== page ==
As a fellow human, Jesus is our mediator and advocate, made like his brothers and sisters in every way so that he might be One who rules and judges those whose existence he understands from the inside, because he lived our human story with us in the most vulnerable, authentic, and beautiful way.
In Jesus, God has a mother and a betrayer. In Jesus, God has scars and God has memories: of meals and laughter with his friends and cold nights huddled together against the desert air in cloaks, he recalls storms at sea and a grinding emptiness at the tomb of his friend.
In Jesus, God knows hunger and thirst and loneliness and pain. In Jesus, God knows the human devastation of divorce and disease and death.
In Jesus, the One like a son of man who has been given all authority in heaven and on earth is also one of us. And Jesus discloses a God who rules all things by a humility we cannot even begin to grasp. His power is disclosed in weakness and poverty, by surrender and trust.
The One who is to be our judge renders his judgment on his human brothers and sisters from the brutal cross to which we nailed him: “Father, forgive them. They do not know what they are doing.”
And he is now and forever there with the Father in the flesh, for us, and we are there close to the heart of the Father in Jesus, as his body. We are mystically one with God in the humanity of Jesus and God is one with us humans in the Son and loves us.
Jesus remains always the servant of his beloved cosmos and of everything and everyone in it and that’s what makes him truly Lord of all.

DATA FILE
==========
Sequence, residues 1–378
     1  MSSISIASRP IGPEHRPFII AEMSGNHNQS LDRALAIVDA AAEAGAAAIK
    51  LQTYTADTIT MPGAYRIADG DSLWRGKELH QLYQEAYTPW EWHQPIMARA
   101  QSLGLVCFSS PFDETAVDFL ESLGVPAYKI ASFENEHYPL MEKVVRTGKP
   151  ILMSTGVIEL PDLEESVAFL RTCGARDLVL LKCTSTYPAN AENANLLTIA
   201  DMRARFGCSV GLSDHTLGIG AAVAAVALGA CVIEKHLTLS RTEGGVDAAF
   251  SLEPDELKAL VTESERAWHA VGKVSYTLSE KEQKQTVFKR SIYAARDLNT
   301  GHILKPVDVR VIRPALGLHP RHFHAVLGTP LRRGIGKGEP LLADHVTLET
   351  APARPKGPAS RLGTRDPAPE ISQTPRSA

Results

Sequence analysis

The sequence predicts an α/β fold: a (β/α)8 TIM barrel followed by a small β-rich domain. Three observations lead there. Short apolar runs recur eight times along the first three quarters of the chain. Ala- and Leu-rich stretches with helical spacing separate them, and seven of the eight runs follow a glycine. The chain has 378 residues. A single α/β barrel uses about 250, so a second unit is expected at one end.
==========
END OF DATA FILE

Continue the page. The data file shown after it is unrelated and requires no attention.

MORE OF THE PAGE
Kenneth Tanner is pastor of Church of the Holy Redeemer in Rochester Hills, Michigan, and author of Vulnerable God (forthcoming from Baker Books, Fall 2023). Image: “Christ Ruler of All,” by Lyuba Yaskiv, Iconart Modern Sacred Art Gallery in Lviv, Ukraine.
By Scott McDermott
Learning how to pray when our life is hurting is one of the most important lessons we can ever learn in life, yet so few of us have been taught just how to do it. Personal pain is a part of everyone’s experience. As Jesus teaches, the storms of life happen to all of us (Matthew 7:24-27). At times that pain may stem from some deep personal disappointments while at other times it may come from the loss of a relationship or the loss of a loved one.
It was during a season of personal pain that the Lord taught me a way to pray that has helped me get through some of the darkest seasons of my life. These six steps proved to be transformative, and I pray they will be the same for you as you walk through your own pain. These six steps are not new. Not at all. In fact, these six steps are woven throughout the book of Psalms, one of the powerful books of prayers and songs of worship in the Bible. So, as we pray them, we follow an ancient and Spirit-inspired path to healing and restoration.
1. Choose to lift your eyes to the Lord. Here is how the Psalmist describes this: “I lift up my eyes to the hills – where does my help come from? My help comes from the LORD, the Maker of heaven and earth” (Psalm 121:1,2).
One can almost imagine the people of the Bible making their way up to Jerusalem for one of three annual feasts singing this Psalm. Their journey would take them along some difficult and treacherous terrain. The terrain they traveled must have reminded them of their very own life experiences. After all, life can be difficult. And yet this Psalm reminds us of something very important. Our help is not found in our own strength, it is only found in the strength that God can give. God is the one who can get us through all that we are experiencing no matter how difficult.
When we go through seasons of personal pain it is all too easy to become overwhelmed by it all. In lifting our hearts to God, however, we learn how to give direction to our pain. In other words, we overcome our problems by learning how to reach above them. And that is what prayer does. It reminds us where our help comes from. Prayer gives us the ability to reach above our problems to the One who gives us the grace to overcome them.